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Down on Charters

Gov. John Engler's effort to lift the cap on charter schools in Michigan has failed.

The Republican governor had hoped to make room for more of the independent public schools before the clock ran out on the 1999 session last week, but he was unable to muster the votes.

Without a change before the end of the year, it is unlikely that any of the backlog of 150 schools waiting for charters from Michigan universities will be able to open by next fall.

Mr. Engler's bill would have lifted the 150-school limit on university-chartered schools by allowing 50 more schools this year and 25 each year after.

Just before the lawmakers returned from their Thanksgiving recess, the governor tried to tamp down the charter school controversy by adding attractive new proposals to his bill, which had stalled in the House. Both chambers are controlled by his own party.

At a press conference in Lansing, Mr. Engler called for new charter schools to enroll violent and disruptive students, saying there was a crying need for such schools.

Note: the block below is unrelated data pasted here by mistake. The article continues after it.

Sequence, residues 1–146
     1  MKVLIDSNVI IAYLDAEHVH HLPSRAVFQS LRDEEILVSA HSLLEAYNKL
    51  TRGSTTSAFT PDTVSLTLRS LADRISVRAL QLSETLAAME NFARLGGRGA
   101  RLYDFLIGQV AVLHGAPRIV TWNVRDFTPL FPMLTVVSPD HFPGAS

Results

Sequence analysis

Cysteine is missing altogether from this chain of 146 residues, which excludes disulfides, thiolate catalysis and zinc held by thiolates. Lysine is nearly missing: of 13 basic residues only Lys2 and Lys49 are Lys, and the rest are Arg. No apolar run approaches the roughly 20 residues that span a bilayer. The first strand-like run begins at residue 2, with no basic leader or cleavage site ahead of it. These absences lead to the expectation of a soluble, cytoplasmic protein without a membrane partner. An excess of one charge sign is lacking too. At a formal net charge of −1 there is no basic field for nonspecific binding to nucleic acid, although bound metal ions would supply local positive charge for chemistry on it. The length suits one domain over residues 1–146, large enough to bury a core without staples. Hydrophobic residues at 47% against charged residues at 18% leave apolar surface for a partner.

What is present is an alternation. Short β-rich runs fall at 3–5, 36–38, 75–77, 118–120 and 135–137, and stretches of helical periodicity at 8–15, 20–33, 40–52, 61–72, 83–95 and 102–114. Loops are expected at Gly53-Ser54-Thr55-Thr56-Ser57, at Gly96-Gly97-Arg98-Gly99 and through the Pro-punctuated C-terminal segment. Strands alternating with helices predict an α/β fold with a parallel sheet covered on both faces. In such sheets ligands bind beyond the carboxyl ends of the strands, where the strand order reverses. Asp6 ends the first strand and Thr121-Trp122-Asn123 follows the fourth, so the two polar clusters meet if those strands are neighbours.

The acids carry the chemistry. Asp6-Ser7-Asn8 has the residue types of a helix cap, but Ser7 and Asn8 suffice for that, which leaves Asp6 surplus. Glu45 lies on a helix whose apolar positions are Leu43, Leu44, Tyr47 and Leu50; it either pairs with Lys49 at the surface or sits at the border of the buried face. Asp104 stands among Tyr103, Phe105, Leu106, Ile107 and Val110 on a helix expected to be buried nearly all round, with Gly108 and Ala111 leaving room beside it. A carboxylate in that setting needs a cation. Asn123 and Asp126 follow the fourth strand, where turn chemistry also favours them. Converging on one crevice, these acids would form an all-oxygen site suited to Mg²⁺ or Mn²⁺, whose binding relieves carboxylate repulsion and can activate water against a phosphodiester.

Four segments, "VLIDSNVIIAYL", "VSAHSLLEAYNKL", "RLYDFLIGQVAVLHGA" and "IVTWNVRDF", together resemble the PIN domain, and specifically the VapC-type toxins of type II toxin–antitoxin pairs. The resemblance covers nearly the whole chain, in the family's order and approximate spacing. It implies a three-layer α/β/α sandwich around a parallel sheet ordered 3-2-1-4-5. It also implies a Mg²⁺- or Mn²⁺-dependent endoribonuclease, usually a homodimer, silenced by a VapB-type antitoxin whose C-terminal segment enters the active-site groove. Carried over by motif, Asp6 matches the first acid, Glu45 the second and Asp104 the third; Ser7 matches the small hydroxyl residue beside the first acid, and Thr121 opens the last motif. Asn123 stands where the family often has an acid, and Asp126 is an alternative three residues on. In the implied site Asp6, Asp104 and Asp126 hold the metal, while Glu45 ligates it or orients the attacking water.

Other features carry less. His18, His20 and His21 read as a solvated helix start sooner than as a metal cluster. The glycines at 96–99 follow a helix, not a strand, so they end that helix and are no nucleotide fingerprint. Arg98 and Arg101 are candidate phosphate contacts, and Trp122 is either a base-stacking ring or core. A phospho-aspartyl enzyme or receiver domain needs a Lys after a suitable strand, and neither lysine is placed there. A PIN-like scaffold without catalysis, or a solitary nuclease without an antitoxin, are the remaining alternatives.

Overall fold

He also proposed granting charters to child-care centers that expand into primary education. Under the governor's plan, neither kind of school would have counted toward the state limit on charter schools.

At the heart of the proposal, though, was lifting the cap.

In the end, neither the enticements nor some horse-trading around an equally contentious proposal to outlaw residency requirements for employees of local governments got Mr. Engler the votes he needed. While the bill was passed once again in the Senate, Democrats and a handful of Republicans in the House remained opposed to it. Opponents say the existence of charter schools can hurt a district's regular public schools.

"In some school districts, there are enough students drained off into charter schools that they are having a negative impact on public schools," said Rep. Rose Bogardus, a Democrat and the vice chairwoman of the House education committee.

Legislative leaders have promised to take up the issue again in January.

"There are a lot of charter school folks and people interested in competition who are very upset by these folks [in the legislature], and they'll be working on them over the holiday," said John Truscott, a spokesman for Mr. Engler.

—Bess Keller

Vol. 19, Issue 16, Page 19

Published in Print: December 15, 1999, as State Journal

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